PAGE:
Citation Scheme:

        

Citations by CSL (citeproc-js)

Usage Statistics

Share

Embed

Customize your widget with the following options, then copy and paste the code below into the HTML of your page to embed this item in your website.
                        
                            <div id="ubcOpenCollectionsWidgetDisplay">
                            <script id="ubcOpenCollectionsWidget"
                            src="{[{embed.src}]}"
                            data-item="{[{embed.item}]}"
                            data-collection="{[{embed.collection}]}"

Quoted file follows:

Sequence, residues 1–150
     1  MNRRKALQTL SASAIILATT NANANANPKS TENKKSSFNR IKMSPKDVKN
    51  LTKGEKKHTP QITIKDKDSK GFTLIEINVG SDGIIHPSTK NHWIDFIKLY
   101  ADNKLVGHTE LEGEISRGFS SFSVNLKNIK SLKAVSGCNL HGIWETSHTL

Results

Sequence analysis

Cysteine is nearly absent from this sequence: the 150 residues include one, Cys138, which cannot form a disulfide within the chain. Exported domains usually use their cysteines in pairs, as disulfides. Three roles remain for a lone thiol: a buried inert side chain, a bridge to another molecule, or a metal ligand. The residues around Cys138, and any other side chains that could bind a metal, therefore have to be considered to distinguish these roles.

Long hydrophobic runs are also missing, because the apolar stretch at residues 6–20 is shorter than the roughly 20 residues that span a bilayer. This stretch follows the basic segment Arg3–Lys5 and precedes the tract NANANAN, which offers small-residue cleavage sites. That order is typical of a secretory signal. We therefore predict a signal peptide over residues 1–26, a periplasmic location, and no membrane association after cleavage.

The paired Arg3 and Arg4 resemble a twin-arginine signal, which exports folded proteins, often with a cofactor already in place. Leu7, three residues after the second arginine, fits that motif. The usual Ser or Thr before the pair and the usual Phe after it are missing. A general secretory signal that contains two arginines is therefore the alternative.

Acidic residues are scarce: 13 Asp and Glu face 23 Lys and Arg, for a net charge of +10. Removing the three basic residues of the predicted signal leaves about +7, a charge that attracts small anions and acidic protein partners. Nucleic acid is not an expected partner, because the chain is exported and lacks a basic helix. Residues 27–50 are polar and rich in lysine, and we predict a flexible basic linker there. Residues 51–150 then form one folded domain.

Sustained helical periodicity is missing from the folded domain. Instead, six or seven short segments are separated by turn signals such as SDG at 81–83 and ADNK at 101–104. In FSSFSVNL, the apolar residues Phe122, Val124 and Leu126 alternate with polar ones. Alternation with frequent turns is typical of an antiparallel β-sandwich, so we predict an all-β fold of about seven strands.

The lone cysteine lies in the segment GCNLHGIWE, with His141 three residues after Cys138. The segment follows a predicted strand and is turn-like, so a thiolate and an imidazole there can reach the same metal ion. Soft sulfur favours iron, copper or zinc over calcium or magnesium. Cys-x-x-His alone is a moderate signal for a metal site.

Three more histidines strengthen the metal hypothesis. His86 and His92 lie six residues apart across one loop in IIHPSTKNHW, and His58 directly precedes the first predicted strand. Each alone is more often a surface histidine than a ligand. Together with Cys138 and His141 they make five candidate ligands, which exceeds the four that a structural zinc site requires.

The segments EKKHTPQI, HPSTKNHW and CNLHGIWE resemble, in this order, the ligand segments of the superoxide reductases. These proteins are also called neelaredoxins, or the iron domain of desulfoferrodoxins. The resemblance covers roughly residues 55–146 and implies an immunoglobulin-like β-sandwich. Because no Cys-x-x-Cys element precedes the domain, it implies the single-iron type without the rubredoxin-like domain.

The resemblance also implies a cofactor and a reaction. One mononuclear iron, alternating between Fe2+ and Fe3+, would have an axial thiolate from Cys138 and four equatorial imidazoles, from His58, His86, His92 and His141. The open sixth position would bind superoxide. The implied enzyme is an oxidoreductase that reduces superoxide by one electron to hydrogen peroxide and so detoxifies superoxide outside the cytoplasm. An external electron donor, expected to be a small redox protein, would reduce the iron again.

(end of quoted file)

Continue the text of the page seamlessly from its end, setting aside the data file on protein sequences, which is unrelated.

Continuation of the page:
data-metadata="{[{embed.showMetadata}]}"
                            data-width="{[{embed.width}]}"
                            async >
                            </script>
                            </div>
                        
                    
IIIF logo Our image viewer uses the IIIF 2.0 standard. To load this item in other compatible viewers, use this url:
http://iiif.library.ubc.ca/presentation/dsp.831.1-0098784/manifest

Comment

Related Items